[Coral-List] Vol 43, Issue 25The myth of 100% coral cover (Eugene Shinn)
gregorh at reefcheck.org
Sun Mar 25 01:17:28 EDT 2012
100% is a bit of a red herring. Far more important questions are: How has
hard coral cover changed over time? Do more or fewer reefs have "high" coral
cover now than 20 years ago?
But back to the red herring -- as Gene has implied, the answer is not quite
as obvious as many would think, and will depend greatly on what method is
used and how "reef" is defined. Whether in 1960 or 5000 years ago, the issue
is one of scale and size akin to the question regarding the length of the
coast of Sweden? How big does a reef area need to be before it can be
considered "a coral reef 100% covered in coral 10 sq m or 100 m x 10 m or
10 km x 2 km?" How about the spaces between the corals or between the
branches of e.g. Acropora? What if there are other organisms such as algae,
sponges or zooanthids occupying some substrate. Does that disqualify the
100% designation? If so, then few reefs could qualify as 100% coral.
As we are all well aware, because of natural variations in substrate type,
water motion and the movement and deposition of sand and rubble, most coral
reefs have always been composed of areas of coral separated by areas of
silt, sand and rubble. All reefs have zones with differing levels of coral
cover from zero on up. So on the scale of kilometers or miles of reef (even
ignoring interstitial organisms), few reefs (taken in total) anywhere could
be considered 100% covered in coral. As the scale, decreases to 100s or 10s
of meters, and if we ignore the odd interstitial benthic organism growing in
between hard corals, there have been and continue to be many "reefs" around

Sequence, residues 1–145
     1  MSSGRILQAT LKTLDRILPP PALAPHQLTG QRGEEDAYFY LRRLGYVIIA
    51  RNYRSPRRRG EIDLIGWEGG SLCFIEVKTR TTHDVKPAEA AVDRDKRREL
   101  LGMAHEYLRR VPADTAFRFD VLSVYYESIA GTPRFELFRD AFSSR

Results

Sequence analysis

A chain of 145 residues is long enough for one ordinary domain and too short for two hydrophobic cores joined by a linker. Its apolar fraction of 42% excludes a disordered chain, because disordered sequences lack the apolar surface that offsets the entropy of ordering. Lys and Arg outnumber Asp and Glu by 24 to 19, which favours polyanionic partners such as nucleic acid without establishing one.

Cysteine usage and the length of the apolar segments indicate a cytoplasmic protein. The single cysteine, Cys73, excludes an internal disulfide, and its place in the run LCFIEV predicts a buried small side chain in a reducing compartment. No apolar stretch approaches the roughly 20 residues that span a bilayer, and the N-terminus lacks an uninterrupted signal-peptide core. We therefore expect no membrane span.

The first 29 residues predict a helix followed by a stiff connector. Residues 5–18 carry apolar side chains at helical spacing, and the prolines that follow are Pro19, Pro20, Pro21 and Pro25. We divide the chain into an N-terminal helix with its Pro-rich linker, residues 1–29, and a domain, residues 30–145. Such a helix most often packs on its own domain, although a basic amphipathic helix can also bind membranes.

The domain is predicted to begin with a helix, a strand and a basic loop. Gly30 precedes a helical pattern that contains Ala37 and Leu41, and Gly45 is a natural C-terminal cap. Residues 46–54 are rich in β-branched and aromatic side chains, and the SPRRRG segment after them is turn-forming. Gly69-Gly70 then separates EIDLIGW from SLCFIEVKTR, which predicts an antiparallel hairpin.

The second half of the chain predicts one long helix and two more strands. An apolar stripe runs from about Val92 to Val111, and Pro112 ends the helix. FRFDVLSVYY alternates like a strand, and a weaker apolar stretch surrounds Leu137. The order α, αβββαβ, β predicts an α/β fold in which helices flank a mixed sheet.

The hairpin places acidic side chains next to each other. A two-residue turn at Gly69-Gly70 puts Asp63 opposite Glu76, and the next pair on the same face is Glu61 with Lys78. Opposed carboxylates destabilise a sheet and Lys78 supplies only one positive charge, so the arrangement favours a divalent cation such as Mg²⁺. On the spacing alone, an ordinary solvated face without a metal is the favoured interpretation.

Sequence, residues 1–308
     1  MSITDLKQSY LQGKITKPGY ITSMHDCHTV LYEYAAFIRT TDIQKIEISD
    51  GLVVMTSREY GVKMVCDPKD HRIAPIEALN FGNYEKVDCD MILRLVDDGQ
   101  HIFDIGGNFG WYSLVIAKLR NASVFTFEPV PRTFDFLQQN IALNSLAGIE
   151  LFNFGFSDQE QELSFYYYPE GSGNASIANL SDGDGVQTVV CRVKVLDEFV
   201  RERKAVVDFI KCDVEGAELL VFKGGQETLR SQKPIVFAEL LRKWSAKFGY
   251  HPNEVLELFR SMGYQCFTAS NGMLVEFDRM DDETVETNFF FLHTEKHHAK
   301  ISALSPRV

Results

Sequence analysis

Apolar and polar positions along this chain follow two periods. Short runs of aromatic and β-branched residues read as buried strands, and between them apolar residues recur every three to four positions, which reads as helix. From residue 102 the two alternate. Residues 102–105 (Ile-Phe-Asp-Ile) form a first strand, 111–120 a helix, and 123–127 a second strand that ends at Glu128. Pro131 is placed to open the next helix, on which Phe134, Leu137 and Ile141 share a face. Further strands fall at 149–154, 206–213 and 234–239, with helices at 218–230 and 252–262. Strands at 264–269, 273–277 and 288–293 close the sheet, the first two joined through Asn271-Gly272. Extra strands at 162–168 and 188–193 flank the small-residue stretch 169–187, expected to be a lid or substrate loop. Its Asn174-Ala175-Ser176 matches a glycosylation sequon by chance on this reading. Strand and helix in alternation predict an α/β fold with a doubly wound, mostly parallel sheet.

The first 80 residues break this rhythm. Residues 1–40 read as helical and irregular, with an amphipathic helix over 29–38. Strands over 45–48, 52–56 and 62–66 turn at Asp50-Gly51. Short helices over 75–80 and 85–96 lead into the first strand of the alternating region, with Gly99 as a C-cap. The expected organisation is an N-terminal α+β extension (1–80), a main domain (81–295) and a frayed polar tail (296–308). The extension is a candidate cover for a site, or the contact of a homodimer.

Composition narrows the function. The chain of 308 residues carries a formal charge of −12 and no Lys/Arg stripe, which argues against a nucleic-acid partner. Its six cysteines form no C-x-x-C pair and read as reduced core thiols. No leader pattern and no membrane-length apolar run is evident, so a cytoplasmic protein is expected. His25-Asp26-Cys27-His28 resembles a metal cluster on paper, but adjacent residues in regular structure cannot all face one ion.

the world that could be considered to be 100% covered in coral.
Using a standardized method to measure % substrate is obviously very
important in tracking changes in coral cover. Thanks to thousands of Reef
Check volunteers, who drop a 3 mm sampling point every 0.5 m along 160 m
of transect line we have a comparable dataset of coral cover from 1997.
This has been used in several key papers examining coral cover and other
issues. Reef Check data are available free to any researcher.
Eakin CM, Morgan JA, Heron SF, Smith TB, Liu G, et al. (2010) Caribbean
Corals in Crisis: Record Thermal Stress, Bleaching, and Mortality in 2005.
PLoS ONE 5(11): e13969. doi:10.1371/journal.pone.0013969
Selig ER, Bruno JF (2010) A Global Analysis of the Effectiveness of Marine
Protected Areas in Preventing Coral Loss. PLoS ONE 5(2): e9278. doi:10.1371/
John F. Bruno, Hugh Sweatman, William F. Precht, Elizabeth R. Selig,
Virginia G. W. Schutte (2009) Assessing evidence of phase shifts from
coral to macroalgal dominance on coral reefs. Ecology: Vol. 90, No. 6, pp..
It is important to realize, however, that one of the shifts in our shifting
baseline is the fact that a lot of "reefs" or reef zones in the Caribbean
have completely disappeared and are no longer monitored except in locations
that continue to use permanently marked transect locations. When Acropora
pretty much died out in the Caribbean, two zones previously found on those
reefs either disappeared or changed into rock. While the Acropora
cervicornis reefs that used to occupy wide swathes of reefs at mid-depths
are entirely gone in most of the Caribbean, the dead skeletons of A. palmata
reefs can still be observed along miles of reefs in many countries. Most
Reef Checkers and other researchers tend now to monitor reefs with living
corals. This issue has not been taken into account in most recent attempts
to analyze trends in coral cover in the Caribbean. If the previously living
Acropora reef areas were included in monitoring and calculations, then my
guess is that the current coral cover percentages reported for many
Caribbean reefs would be 20 to 30% lower.
Gregor Hodgson, PhD
Reef Check Foundation
Pacific Palisades, CA 90272 USA
Gregorh at reefcheck.org
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